The Phipps Conservatory Sustainable Gardening Awards are in their 3rd year, and have once again highlighted five lovely gardens in our area. The awards were designed to highlight gardens and garden enthusiasts who follow the concepts of sustainable land care that Phipps teaches in its education programs and follows in its own work.
This year’s winners were awarded in 5 various classifications, each exemplifying a different element of sustainable, natural gardening. All of the winners are enthusiastic about improving the gorgeous land around them, both in their individual spaces and for the bigger neighborhood.
Winner: Native Planting and Wildlife Gardens
Lynn Ramage and her late husband, Jim, started a garden in their then-overgrown Ford City property 30 years ago, and strove together to cultivate a sanctuary for native plants and pollinators.
“As I learned about native plants and their significance to the environment, I made it from an English garden into a native garden and a pollinator garden,” she stated.
When they first bought their home, it spanned seven acres. Now it encompasses 72 acres, and Ramage has actually invested lots of time combating intrusive plant species while cultivating plants like goldenrod, ironweed and pycnanthemum.
“There’s nothing much better than remaining in a garden. It benefits your brain, great for your body, helpful for your soul,” she said.
Lynn Ramage in her garden
Susan Barclay Winner: Gardens that Manage Rainwater Louis Ruediger|Tribune-Review Susan Barclay Initially, Susan Barclay’s garden area was bathtub-shaped, which made rainwater management a difficulty. In 2021, she decided to
do something about that
“I dealt with a professional landscaper. They have actually been specialists in this issue of water management and comprehend what requires to be done,”she said.
Gargiulo Landscape assisted to bring artful functionality to Barclay’s garden.”My favorite element is the stonework,”she said, citing the stunning stones of various
sizes that create pathways, actions and other features throughout the garden.
Plants do play an important role in Barclay’s garden also.”I have a lot of native plants that are nostalgic to me because of my family history and childhood,”she said, particularly citing the dogwood, a favorite of her moms and dads. Louis Ruediger|Tribune-Review In the garden of Susan Barclay Joel D. Garceau III Winner: Micro-Gardens Louis Ruediger|Tribune-Review Joel D. Garceau III Joel
Garceau has a great deal of enthusiasm for gardening, however
not much space.” Living in the South Side
, where yard area is at a premium
, I have actually had to make the most
with what little space I have,”he said. Micro-gardening does have its benefits.
Having a smaller garden allows me to comprehend it on a more intimate level. The plants I grow resemble friends to me,”he stated. Despite the congested location, Garceau grows more than 70 kinds of plants, much of which were transplants
given by family and friends.” My preferred plants are the ones that show the stories and people of my life: the irises, bee balm, hostas, and especially the agapanthus,” he stated.
Garceau states that anybody can garden, no matter the area.” Plants and nature respond really well when care and attention are provided to them. “Louis Ruediger|Tribune-Review In the garden of Joel D. Garceau III John and Alyssa Creasy Winners: Plentiful Edible Gardens Louis Ruediger|Tribune-Review Alyssa and John Creasy John and Alyssa Creasy are so passionate about edible plants that they run Garfield Neighborhood Farm in addition to their own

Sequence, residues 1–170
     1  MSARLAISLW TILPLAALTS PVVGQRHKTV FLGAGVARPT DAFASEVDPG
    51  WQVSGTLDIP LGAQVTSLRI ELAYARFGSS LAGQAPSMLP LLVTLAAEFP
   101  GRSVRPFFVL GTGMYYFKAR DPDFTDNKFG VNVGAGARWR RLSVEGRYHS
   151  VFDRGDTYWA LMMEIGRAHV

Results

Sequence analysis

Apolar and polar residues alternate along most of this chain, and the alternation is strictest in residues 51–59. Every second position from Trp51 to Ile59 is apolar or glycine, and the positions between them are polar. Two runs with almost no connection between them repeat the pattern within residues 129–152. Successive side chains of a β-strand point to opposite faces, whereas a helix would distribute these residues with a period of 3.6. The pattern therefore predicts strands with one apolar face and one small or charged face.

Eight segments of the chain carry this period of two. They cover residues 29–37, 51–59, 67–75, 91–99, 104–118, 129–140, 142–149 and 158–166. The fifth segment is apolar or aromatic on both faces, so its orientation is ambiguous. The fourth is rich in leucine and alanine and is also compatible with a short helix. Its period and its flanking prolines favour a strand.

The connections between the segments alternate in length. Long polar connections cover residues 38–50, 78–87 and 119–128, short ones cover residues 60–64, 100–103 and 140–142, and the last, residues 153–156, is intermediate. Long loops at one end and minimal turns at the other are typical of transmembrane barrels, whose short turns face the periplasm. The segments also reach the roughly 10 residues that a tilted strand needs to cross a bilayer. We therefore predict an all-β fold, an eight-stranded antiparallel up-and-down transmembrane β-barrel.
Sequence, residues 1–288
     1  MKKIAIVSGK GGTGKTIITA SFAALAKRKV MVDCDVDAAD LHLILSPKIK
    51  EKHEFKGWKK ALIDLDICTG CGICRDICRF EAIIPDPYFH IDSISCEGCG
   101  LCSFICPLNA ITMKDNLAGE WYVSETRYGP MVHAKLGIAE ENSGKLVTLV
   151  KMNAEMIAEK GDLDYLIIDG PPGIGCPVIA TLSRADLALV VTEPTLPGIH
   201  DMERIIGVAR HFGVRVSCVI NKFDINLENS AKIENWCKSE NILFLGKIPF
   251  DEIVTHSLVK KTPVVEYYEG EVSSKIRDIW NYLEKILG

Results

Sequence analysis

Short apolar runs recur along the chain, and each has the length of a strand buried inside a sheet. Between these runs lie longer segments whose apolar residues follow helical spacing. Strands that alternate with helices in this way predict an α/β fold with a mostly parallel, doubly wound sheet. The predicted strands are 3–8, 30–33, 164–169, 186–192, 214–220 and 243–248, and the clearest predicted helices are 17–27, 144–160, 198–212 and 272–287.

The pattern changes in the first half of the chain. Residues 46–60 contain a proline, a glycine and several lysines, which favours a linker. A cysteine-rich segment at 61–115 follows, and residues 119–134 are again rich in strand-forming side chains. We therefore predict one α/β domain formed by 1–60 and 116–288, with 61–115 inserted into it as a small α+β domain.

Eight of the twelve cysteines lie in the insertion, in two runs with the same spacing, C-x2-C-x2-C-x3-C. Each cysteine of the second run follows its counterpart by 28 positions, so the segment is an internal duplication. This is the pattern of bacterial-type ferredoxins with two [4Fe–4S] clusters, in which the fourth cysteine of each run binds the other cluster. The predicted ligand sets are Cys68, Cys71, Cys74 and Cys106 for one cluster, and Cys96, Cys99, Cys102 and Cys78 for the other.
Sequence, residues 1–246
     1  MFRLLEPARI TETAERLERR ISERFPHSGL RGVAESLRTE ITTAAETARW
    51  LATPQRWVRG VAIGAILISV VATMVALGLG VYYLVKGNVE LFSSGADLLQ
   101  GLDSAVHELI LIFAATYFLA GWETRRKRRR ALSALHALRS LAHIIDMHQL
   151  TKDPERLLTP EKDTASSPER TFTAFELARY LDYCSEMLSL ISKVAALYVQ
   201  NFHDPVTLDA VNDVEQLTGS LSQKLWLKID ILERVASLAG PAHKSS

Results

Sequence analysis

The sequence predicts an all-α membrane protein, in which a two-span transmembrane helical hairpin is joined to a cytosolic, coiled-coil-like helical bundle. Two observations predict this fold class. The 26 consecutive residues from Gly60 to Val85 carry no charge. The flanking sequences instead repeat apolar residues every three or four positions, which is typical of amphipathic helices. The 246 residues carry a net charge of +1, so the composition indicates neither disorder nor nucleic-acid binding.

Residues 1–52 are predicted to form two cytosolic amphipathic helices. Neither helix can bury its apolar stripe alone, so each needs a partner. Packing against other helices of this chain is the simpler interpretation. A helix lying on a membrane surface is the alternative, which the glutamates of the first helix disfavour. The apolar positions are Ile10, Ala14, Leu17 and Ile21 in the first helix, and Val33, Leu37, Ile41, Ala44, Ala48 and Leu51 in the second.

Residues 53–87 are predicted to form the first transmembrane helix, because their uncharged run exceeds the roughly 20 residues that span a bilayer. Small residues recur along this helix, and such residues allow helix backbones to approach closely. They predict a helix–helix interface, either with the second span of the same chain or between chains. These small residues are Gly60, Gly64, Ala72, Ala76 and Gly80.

edible garden. “Our house garden
has constantly been a respite,”
John Creasy stated, keeping in mind that the farm can typically take up a majority of their time. Alyssa Creasy
likewise runs a cut-flower business, Larkspur
AmC, from plants grown in their own garden. John
Creasy loves the sense of neighborhood
that gardening brings, both amongst the plants and among the next-door neighbors and garden enthusiasts planting them. He discussed the peach tree in the couple’s home garden around
which they have actually formed a”plant guild,” or a group of plants that grow together and support each other.”There are medicinal herbs, cooking herbs, a little pond with fish in it, and it’s all linked in with the health of the peach tree,” he said. Louis Ruediger|Tribune-Review Some of the edible thrills from the garden of John and Alyssa Creasy.
Oleksandr and Andrew Yergiyev Winners: Gardens for Personal Retreat Louis Ruediger|Tribune-Review Andrew( left)and Oleksandr Yergiyev At their home situated near a busy Mt. Lebanon
crossway, Oleksandr and Andrew Yergiyev required a method to escape the sound– so they made it in the kind of a garden.
That improvement took a lot of work for both of them.”We started with less than a blank canvas, it was covered in blacktop
said. So Oleksandr, a knowledgeable gardener, and Andrew,
who was trying to find a visually pleasing sanctuary, made it happen. The garden is filled with
wide variety of plants, from wildflowers to vegetables and fruits.”I like the bitter melons. They’re truly lovely, the way the vines drape over whatever.
Pollinators like the flowers, “Oleksandr stated. “I simply keep marveling … you see a monarch butterfly arrive at a rose, and you believe it used to be blacktop. We worked well as a group and we made it,”Andrew said. Louis Ruediger|Tribune-Review The garden of Andrew and Oleksandr Yergiyev This has been a paid article submitted by our material partner.